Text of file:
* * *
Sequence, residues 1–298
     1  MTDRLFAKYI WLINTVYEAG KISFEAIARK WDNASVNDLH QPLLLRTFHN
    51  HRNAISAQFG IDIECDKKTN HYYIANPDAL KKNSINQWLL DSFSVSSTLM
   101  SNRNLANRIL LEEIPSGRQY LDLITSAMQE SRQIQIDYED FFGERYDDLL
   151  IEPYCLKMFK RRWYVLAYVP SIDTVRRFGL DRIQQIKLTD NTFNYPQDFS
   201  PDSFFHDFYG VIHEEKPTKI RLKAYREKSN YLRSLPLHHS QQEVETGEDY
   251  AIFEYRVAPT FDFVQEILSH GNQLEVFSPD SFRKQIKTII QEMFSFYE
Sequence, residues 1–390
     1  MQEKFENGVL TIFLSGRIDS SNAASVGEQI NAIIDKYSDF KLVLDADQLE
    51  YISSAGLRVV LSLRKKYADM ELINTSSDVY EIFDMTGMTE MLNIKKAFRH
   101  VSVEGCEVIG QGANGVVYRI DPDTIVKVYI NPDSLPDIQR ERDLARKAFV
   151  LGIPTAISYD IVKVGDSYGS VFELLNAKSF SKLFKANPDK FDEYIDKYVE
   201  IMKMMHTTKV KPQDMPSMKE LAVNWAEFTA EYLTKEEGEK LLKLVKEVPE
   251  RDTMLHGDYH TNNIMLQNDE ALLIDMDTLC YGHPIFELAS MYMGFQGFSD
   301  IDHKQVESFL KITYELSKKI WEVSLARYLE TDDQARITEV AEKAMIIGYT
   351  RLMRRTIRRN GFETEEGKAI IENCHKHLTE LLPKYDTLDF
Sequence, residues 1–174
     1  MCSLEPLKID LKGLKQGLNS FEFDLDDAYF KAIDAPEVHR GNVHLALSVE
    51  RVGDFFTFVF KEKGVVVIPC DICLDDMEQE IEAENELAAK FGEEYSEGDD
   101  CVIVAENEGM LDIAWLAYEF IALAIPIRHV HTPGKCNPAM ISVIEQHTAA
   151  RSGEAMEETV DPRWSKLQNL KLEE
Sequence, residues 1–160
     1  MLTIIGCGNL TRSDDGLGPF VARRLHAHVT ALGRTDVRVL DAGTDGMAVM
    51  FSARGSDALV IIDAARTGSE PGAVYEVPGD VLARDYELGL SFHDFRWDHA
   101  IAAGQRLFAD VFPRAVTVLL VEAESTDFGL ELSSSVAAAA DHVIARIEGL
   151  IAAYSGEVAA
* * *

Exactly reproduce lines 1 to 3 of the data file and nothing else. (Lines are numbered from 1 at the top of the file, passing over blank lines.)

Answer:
Sequence, residues 1–298
     1  MTDRLFAKYI WLINTVYEAG KISFEAIARK WDNASVNDLH QPLLLRTFHN
    51  HRNAISAQFG IDIECDKKTN HYYIANPDAL KKNSINQWLL DSFSVSSTLM